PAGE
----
“GP15” is the code name of this GEOTRACES research expedition from Alaska to Tahiti. GP15 draws a vertical line down the middle of the Pacific Ocean at longitude 152° West. The 67-day voyage aboard the Research Vessel Roger Revelle spans more than 5,000 miles of ocean.
“GP15 is like the Pacific Ocean’s greatest hits album,” says Co-chief Scientist Phoebe Lam of the University of California, Santa Cruz. “If you were going to choose one track to understand every major ocean process, this would be a strong contender.”
This expedition is a study of extremes. It begins collecting samples of seawater in the marine equivalent of a rainforest and ends in an underwater desert.
The waters off Alaska are filled with microscopic plants called phytoplankton. They are what drive Alaska’s productive fisheries and are the dinner bell to which giant whales are drawn. But phytoplankton depend on abundant nutrients like nitrogen and rare trace nutrients like iron to turn the sun’s energy into food. GP15’s investigations will probe where exactly those nutrients and others can be found, how abundant they are and where they’re coming from.
Tahiti may be known for rainbow studded coral reefs, but the ocean surrounding those reefs is crystal clear precisely because it is so devoid of nutrients. Without abundant nutrients, phytoplankton become scarce and different ocean processes come into play, all of which will be captured by GP15’s samples.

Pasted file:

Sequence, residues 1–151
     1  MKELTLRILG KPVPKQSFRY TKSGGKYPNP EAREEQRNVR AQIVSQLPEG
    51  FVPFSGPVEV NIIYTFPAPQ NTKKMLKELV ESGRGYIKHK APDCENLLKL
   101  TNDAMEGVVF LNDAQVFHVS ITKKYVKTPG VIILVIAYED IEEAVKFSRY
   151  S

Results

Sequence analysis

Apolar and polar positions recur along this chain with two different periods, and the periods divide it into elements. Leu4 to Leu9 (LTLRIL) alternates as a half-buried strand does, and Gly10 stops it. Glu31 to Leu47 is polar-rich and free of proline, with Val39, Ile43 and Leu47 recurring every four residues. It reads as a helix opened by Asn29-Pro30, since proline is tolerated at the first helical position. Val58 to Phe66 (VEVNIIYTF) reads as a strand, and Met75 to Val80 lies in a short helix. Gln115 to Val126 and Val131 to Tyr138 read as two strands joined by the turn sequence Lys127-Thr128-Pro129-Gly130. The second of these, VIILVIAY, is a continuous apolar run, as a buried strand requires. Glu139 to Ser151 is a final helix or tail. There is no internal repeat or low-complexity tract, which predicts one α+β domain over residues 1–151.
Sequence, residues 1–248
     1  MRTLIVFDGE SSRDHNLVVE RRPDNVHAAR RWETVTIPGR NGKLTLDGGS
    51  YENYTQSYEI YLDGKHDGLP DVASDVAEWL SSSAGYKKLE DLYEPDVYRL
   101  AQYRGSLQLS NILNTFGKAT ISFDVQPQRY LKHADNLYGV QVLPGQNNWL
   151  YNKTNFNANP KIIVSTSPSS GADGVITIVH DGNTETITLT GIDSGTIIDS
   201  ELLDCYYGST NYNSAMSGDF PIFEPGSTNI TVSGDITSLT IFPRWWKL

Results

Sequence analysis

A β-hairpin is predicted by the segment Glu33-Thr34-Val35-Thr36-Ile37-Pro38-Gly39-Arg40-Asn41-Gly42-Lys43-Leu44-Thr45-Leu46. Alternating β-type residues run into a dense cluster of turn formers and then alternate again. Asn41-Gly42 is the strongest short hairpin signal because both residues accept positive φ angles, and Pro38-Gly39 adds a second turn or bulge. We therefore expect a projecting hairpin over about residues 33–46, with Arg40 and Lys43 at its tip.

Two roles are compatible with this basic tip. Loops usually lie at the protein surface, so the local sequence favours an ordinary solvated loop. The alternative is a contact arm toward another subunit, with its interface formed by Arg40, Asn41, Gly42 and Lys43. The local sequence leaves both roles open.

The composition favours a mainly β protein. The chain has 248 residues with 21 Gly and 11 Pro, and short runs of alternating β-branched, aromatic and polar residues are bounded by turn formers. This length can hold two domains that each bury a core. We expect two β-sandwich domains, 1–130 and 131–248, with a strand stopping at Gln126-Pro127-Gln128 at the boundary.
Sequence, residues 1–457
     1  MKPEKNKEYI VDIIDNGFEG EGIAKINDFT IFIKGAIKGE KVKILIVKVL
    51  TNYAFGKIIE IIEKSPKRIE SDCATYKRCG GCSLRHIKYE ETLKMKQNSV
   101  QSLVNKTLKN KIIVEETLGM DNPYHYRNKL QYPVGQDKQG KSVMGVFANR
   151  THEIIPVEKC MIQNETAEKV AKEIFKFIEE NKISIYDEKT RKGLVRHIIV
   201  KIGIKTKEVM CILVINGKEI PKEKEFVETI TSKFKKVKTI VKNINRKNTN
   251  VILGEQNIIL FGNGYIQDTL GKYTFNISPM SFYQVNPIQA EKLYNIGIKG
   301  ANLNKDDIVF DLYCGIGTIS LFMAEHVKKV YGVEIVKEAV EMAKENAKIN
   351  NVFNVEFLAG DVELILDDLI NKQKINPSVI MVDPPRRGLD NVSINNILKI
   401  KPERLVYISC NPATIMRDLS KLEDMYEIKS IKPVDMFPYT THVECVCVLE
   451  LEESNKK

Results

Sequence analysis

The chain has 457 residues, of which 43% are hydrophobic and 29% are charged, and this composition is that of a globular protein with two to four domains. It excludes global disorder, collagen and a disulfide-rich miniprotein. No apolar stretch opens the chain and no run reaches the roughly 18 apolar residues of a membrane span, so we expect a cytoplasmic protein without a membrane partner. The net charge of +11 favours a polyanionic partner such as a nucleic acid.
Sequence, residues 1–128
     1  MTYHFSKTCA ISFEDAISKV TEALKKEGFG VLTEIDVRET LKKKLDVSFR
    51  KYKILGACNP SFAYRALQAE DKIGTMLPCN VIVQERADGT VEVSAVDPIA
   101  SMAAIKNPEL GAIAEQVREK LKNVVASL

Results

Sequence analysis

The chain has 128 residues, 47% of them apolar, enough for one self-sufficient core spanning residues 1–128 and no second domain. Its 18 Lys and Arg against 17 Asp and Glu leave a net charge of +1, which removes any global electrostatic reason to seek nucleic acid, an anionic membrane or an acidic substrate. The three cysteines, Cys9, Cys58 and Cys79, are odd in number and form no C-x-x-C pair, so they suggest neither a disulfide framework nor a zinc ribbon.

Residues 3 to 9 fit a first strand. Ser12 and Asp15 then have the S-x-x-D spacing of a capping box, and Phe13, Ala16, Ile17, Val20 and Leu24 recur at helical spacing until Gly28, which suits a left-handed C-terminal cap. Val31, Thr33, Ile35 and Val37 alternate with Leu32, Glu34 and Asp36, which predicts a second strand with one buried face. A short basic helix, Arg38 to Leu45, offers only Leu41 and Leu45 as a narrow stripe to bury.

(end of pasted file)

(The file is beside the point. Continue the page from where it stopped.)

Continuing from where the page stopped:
Bookended by these two divergent undersea ecosystems, GP15 will chart how one extreme transforms into the other. Along the way, the 37 scientists aboard the Roger Revelle will sample water that hasn’t seen the sun in 1000 years, pass by hydrothermal vents—thought to be a potentially significant source of iron—and skirt a hotbed of deep sea mining activity.
Deep sea mining has the potential to stir up toxic trace elements, and this GEOTRACES expedition is perfectly positioned to take a chemical snapshot of these waters before any underwater excavation begins. An unbiased baseline of the area’s ocean chemistry will ensure that the environmental impacts of deep sea mining can be laid bare.
The data collected on GP15 will complement the findings of the last GEOTRACES expedition, conducted in 2013, from Peru to Tahiti—the horizontal to GP15’S vertical line.
At a time when the world’s climate is changing ever more rapidly, the oceans remain a bellwether. The oceans absorb more and more carbon dioxide and heat every year, and unless large scale studies like GP15 continue, the consequences may blindside humanity.
GP15 blog posts written by Alex Fox unless otherwise stated.
GEOTRACES GP15 is supported by the National Science Foundation. Any opinions, findings and conclusions or recommendations expressed in this material do not necessarily reflect the views of the National Science Foundation.